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Filed under DVD/Blu-ray Reviews, Fay Wray, Pre-Code, Warner Archive, Warner Bros.

Blu-Ray News #298: The Mystery Of The Wax Museum (1933).

Directed by Michael Curtiz
Starring Lionel Atwill, Fay Wray, Glenda Farrell, Frank McHugh

The headlines today are a big fat drag, so you’ve got to go looking to come up with something positive. Here’s a couple things I found. Last week, the great LA punk band X released its first record with its original lineup in 35 years — and it’s terrific!

Now our friends at Warner Archive have announced a Blu-Ray of The Mystery Of The Wax Museum, a pre-Code (1933) horror movie in two-color Technicolor. Starring Fay Wray and Lionel Atwill, it’s a must for those interested in classic horror stuff — and still plenty creepy. The early Technicolor required such intense lights that the wax figures melted and had to be replaced by actors who stood real still. It was remade as House Of Wax (1953) and ripped off a million times.

Once considered lost, it’s been restored by the UCLA Film & Television Archive and The Film Foundation, in association with Warner Bros. Entertainment. Funding came from the George Lucas Family Foundation. (Thanks, y’all!) It’s coming in May. Can’t wait to see this thing!

UDPATE: Here are a couple screen grabs from the restoration. 

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Never thought I’d get a chance to see this looking like that!

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Filed under DVD/Blu-ray News, Fay Wray

Blu-Ray News #117: The Vampire Bat (1933).

Directed by Frank Strayer
Starring Lionel Atwill, Fay Wray, Melvyn Douglas, Dwight Frye

There’s some great stuff making its way to DVD and Blu-Ray these days. The Film Detective has announced the 1933 horror picture The Vampire Bat, from a UCLA restoration that even recreates the original hand-colored sequence!

Like White Zombie (1932), The Vampire Bat is one of those times when a Poverty Row studio went nuts and came up with something really special. Majestic Pictures signed Lionel Atwill and Fay Wray from Doctor X and Mystery Of The Wax Museum, took advantage of some standing sets on the major lots, and stirred in the great Dwight Frye. It’s a great example of how creepy and crazy a 30s horror movie can get. It’s coming in April, and it’s highly recommended.

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Filed under 30s Horror, DVD/Blu-ray News, Fay Wray, Poverty Row, The Film Detective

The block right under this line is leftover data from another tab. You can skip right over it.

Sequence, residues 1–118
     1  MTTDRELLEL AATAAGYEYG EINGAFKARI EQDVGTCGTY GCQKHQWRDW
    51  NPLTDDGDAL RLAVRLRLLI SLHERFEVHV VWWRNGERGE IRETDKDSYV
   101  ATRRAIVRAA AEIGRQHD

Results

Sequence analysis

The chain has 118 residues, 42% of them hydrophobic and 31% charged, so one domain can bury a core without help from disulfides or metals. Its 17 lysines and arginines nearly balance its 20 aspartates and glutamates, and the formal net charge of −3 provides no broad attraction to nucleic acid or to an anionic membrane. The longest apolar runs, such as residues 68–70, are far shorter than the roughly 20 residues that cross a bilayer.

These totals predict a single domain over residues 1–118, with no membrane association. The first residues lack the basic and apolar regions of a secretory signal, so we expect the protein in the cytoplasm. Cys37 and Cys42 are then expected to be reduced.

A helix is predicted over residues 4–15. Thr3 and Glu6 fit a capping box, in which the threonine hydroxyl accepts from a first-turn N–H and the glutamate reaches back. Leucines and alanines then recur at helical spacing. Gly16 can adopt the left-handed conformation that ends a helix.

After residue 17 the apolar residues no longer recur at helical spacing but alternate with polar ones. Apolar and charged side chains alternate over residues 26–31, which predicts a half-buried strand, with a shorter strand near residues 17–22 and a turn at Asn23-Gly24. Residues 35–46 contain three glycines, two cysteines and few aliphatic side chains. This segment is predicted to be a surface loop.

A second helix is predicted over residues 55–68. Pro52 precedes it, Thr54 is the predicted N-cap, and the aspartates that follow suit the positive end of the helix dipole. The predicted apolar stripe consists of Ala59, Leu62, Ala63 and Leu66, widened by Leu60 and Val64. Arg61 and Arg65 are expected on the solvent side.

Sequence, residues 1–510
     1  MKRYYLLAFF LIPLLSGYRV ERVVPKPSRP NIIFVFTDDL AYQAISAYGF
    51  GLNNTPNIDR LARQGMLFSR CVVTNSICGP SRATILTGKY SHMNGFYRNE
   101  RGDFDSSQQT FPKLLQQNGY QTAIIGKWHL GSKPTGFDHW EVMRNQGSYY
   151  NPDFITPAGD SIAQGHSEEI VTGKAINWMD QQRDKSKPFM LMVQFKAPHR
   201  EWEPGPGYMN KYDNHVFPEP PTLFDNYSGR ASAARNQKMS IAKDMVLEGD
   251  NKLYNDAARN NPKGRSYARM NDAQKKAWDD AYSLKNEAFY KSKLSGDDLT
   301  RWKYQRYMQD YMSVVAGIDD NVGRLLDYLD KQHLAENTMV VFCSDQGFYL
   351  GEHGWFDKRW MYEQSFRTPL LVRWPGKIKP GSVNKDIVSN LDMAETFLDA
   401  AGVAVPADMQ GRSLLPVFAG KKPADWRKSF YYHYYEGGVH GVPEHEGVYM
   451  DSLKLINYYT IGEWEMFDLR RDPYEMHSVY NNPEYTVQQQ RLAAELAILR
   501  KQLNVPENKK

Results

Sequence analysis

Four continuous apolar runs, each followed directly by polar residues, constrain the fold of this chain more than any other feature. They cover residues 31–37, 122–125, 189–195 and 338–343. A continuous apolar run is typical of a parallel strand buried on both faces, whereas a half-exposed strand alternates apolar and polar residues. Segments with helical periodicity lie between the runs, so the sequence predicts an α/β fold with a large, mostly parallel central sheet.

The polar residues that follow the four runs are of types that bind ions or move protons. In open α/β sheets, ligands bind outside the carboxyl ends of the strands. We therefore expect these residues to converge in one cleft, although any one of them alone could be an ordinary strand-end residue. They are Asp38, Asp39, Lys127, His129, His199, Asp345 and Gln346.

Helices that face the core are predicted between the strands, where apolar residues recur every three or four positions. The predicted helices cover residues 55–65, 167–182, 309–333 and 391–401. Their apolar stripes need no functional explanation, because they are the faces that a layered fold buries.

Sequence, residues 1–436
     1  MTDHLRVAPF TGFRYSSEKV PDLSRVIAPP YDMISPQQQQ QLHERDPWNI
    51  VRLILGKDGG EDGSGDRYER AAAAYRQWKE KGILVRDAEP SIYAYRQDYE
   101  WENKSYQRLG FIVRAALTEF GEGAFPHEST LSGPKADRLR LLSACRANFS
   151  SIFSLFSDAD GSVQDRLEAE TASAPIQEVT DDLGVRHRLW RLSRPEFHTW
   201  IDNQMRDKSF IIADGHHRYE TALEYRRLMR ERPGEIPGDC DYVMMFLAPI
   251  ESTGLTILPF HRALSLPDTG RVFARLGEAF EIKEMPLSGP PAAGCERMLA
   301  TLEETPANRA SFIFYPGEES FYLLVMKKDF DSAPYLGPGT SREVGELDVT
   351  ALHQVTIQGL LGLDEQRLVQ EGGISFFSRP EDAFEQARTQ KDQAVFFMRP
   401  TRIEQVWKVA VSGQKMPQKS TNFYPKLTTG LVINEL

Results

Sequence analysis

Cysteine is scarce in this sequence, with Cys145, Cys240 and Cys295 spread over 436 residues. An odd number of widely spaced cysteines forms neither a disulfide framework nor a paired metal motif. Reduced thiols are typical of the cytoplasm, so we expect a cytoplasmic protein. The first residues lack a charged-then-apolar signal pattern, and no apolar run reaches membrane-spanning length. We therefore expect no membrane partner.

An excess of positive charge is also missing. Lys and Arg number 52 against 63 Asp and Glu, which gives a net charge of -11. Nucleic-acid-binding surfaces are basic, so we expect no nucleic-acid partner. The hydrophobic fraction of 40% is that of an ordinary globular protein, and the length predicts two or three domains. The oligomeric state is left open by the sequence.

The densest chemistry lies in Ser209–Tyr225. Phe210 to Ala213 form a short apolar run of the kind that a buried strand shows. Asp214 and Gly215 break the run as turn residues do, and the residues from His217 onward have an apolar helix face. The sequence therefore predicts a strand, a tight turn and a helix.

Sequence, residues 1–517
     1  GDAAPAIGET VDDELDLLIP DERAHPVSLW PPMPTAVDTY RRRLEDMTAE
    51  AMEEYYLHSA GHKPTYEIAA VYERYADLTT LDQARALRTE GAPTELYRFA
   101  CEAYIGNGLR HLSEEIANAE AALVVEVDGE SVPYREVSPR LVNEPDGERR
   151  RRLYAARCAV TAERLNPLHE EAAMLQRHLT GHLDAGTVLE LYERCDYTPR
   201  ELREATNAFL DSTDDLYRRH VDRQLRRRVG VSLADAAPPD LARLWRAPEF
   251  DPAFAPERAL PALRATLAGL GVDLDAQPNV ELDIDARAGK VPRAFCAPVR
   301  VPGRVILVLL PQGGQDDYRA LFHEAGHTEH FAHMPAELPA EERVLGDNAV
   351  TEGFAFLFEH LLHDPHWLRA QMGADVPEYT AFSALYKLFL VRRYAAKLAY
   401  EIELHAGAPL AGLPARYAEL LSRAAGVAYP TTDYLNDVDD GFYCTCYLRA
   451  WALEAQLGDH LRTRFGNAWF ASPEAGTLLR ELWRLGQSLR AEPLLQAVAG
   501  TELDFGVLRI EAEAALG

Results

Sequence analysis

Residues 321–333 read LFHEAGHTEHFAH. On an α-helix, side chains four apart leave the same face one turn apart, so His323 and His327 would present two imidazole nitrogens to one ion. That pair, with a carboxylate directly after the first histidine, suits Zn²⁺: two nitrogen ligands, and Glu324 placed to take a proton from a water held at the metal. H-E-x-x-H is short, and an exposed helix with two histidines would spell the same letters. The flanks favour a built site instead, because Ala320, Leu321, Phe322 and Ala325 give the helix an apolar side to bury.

The Joel McCrea Blogathon: The Most Dangerous Game (1932) By Guest Blogger Jerry Entract.

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Directed by Irving Pichel and Ernest B. Schoedsack
Produced by Merian C. Cooper and David O. Selznick
Screenplay by Richard Connell and James Ashmore Creelman
Based on the story by Richard Connell
Cinematography: Henry Gerrard
Film Editior: Archie Marshek
Music by Max Steiner

Cast: Joel McCrea (Robert Rainsford), Fay Wray (Eve Trowbridge), Leslie Banks (Count Zaroff), Robert Armstrong (Martin Trowbridge), Noble Johnson (Ivan), Steve Clemente (Tartar)

joel-mccrea-blogathon-badgeI am delighted to be able to take part in the Joel McCrea Blogathon and would like to thank our host, Toby, for making it possible.

In 1932 Joel McCrea was a coming star. He had done well in The Lost Squadron and had a considerable success with Bird Of Paradise earlier in the year. Tall and very handsome with a pleasing personality.

Merian C. Cooper had already secured RKO’s agreement to shoot King Kong (1933) and wanted to make a film of Richard Connell’s short novel The Most Dangerous Game. The two films were shot concurrently and shared many of the sets, thus saving budget. Fay Wray and Robert Armstrong starred in both — and Max Steiner scored both.

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The story is a great idea of the hunter becoming the hunted. McCrea is shipwrecked and ends up the only survivor on a remote jungle island. He becomes a guest of an exiled Russian aristocrat Count Zaroff and it becomes fairly obvious early on that Zaroff is mad. He sees a wonderful chance at the ultimate ‘game’ – to set a man loose only to be hunted down and torn apart by Zaroff’s pack of hounds. It becomes a game of nerves as McCrea tries to keep ahead of the hounds and their masters, accompanied by Wray, whose dress gets more tattered and revealing as they go (getting in training for King Kong!!).

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I have not yet mentioned the English actor Leslie Banks who played Zaroff. Because it was apparent Zaroff was mad, Banks played it up quite a bit. I have seen him many times in other films, and his playing was generally subtle and underplayed. He certainly added to the tension with his portrayal though. McCrea was just fine in the central role, as one would expect. There were many more fine films ahead for him – Primrose Path (1940), Foreign Correspondent (1940), These Three (1936), Sullivan’s Travels (1941), to name only a few – before he decided to dedicate his career to the Western in 1946.

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Producer Schoedsack directed the jungle scenes whilst Pichel directed the interiors. RKO remade the story in 1946 (A Game Of Death) and again in 1956 (Run For The Sun).

The 1932 original is an enjoyable and gripping little film that still entertains 84 years on! The film has been available on DVD in several releases. Quality unknown to me.

Please feel free to view my other contribution to this Blogathon over at Toby’s other blog 50 Westerns From The 50s.

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Jerry Entract does not run his own blog or have any involvement in the film industry but is an English lifelong movie fan and amateur student of classic cinema (American and British). Main passions are the Western and detective/mystery/film noir. Enjoys seeking out lesser-known (even downright obscure) old movies.

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Filed under Fay Wray, Joel McCrea, Pre-Code, RKO